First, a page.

The good news, though, is that the E 400 4MATIC shines when you wrestle control of the wheel back. The V6 engine is effortless in its power delivery, and it pairs seamlessly with the sharp shifting nine-speed automatic transmission. The steering, too, is engaging enough, but we were left most impressed by the E 400's ride quality. Merc's multi-chamber air suspension arrives as standard kit, and it does a commendable job of ironing out all but the harshest of Australia's dodgy road surfaces. If your day is centred in the CBD then the E 400 will happily waft you from meeting to meeting, locking bumps, road noise and other annoyances outside of the cabin. 

Switch from the Comfort drive setting to Sport or Sport+, however, and the E 400 4MATIC switches gear, bristling and burbling and hardening at every contact point. Keep it in this mode and find a twisting back road and the idea of a car that drives for you feels very far away indeed.

What safety equipment is fitted? What's the safety rating?

Technically, the E 400 4MATIC is safer without you touching anything, with the human doofus behind the wheel the one variable it can’t control. And one day soon, that will undoubtedly be the only way to travel.

For now, expect nine airbags (front, pelvis and window in the front, curtain airbags for the rear and a knee airbag for the driver), a 360-degree parking camera and hill start assist, along with Merc’s 'Attention Assist' program that will monitor your inputs to see if you’re getting drowsy. 

But the really clever stuff arrives as part of the 'Driver Assistance Package Plus', which includes lane keep assist and adaptive cruise control, but this is also the closet thing to an autonomous car that Merc’s got in its stable. So the E 400 4MATIC will keep up with traffic on the highway, and keep within the lane markings even as you turn around a corner. It will also change lanes for you when you hit the indicator, and scream to a stop if there's an emergency.

There's some truly clever crash detection systems, too. If the E 400 senses a t-bone collision, for example, your seat will jolt you away from the point of impact. And if it senses a rear collision, a high-pitched sound will play through the speakers, preparing you ears for the sound of the impact and minimising the chance of eardrum damage.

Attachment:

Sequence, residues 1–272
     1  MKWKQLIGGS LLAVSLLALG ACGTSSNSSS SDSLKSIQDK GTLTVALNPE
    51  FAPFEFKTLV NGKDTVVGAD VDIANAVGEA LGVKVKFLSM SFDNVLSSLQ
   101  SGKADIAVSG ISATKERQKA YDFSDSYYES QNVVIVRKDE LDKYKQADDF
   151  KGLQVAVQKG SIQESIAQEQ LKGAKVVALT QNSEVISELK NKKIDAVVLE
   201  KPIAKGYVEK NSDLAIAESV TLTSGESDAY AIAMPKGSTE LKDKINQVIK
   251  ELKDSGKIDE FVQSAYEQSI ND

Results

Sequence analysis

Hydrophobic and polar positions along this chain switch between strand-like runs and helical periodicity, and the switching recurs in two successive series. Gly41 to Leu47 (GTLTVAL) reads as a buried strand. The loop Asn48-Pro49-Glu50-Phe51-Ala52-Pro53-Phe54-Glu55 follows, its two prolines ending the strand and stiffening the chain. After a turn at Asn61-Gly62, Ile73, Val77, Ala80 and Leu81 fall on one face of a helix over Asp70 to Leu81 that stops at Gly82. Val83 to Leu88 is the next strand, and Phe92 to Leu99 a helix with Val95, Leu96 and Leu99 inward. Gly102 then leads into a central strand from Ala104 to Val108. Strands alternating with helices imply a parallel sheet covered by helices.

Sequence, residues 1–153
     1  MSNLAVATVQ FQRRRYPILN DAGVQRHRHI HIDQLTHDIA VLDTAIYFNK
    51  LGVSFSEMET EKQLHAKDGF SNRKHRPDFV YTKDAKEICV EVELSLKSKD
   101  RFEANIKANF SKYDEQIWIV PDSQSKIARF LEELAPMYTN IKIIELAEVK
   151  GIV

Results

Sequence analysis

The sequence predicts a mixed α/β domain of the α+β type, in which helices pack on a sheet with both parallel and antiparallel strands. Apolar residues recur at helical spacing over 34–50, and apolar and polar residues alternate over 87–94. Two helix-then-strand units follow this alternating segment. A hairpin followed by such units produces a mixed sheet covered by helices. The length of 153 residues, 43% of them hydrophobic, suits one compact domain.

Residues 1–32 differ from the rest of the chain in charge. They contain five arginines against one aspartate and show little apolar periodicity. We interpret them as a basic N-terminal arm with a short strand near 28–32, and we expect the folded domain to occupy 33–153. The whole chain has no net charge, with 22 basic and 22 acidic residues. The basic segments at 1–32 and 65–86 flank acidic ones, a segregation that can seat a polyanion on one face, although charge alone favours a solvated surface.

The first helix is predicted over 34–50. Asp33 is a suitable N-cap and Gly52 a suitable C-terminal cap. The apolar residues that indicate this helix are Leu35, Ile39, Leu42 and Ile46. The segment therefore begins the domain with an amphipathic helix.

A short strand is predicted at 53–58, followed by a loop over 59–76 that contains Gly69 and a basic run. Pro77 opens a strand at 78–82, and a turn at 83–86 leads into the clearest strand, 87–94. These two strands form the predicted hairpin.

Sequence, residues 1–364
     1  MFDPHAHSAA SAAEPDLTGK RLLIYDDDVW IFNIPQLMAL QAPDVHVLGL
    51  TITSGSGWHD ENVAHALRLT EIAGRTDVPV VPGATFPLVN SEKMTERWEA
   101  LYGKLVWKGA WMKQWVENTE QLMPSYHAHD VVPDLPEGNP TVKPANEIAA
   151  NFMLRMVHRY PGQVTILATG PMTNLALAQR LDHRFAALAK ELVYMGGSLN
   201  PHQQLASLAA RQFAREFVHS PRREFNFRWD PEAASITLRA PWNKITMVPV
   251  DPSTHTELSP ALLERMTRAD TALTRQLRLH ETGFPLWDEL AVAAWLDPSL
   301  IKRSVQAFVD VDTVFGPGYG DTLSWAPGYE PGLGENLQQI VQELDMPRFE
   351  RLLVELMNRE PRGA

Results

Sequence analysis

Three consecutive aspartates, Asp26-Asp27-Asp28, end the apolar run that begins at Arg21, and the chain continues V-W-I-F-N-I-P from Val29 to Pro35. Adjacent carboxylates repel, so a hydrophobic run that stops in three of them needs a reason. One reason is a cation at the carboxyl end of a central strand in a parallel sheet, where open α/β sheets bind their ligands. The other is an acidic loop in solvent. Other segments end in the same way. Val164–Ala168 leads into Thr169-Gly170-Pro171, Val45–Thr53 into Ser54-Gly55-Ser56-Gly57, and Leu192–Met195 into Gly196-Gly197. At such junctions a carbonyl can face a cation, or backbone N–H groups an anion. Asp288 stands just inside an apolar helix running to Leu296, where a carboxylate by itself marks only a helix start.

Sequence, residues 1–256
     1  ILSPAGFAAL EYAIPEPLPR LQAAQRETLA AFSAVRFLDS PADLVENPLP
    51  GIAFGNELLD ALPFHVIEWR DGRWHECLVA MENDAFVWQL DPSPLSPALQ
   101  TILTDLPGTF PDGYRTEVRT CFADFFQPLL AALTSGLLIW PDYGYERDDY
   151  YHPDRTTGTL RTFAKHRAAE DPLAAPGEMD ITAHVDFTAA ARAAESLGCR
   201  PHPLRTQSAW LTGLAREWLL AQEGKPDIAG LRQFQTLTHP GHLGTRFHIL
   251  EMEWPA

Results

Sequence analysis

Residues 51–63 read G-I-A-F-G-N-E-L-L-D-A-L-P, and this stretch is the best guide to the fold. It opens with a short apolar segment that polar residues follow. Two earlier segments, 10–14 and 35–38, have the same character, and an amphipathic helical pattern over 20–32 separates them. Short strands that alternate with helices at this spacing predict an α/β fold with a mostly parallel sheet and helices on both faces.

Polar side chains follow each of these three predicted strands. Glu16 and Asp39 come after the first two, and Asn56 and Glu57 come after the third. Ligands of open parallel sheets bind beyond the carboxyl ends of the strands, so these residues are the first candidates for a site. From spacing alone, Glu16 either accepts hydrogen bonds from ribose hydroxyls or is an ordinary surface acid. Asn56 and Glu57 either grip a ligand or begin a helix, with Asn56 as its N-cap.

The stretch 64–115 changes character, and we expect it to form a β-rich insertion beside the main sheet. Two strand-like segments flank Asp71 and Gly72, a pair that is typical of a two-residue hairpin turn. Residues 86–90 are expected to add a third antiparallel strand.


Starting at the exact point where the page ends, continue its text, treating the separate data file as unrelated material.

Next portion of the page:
The E-Class range scored the maximum five star ANCAP safety rating when crash tested in 2016.

What does it cost to own? What warranty is offered?

Like the rest of the E-Class family, the E 400 4MATIC is covered by a three-year/unlimited km warranty, and this one will require a trip to the service centre every 25,000km or 12 months.

It also falls under the German brand’s capped price servicing program, which limits maintenance costs to $2280 for the first three services.


It might push us ever closer to an autonomous future, but it's also a solid reminder of how much fun can be had behind the wheel. Potent, polished and with an engine that's a treat in the city and on a twisting back road, the E 400 4MATIC might just be the pick of the premium sedans.

Do you like the sound of Merc's new E 400? Tell us what you think in the comments below.

Pricing guides

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Range and Specs

E250 CDI Night Edition 2.1L, Diesel, 7 SP AUTO $57,700 – 72,930 2017 Mercedes-Benz E-Class 2017 E250 CDI Night Edition Pricing and Specs
E350 E 2.0L, Hyb/PULP, 9 SP AUTO $65,400 – 82,720 2017 Mercedes-Benz E-Class 2017 E350 E Pricing and Specs
E250 Night Edition 2.0L, PULP, 7 SP AUTO $38,100 – 49,280 2017 Mercedes-Benz E-Class 2017 E250 Night Edition Pricing and Specs
E350 D 3.0L, Diesel, 9 SP AUTO $55,800 – 70,510 2017 Mercedes-Benz E-Class 2017 E350 D Pricing and Specs
Andrew Chesterton
Contributing Journalist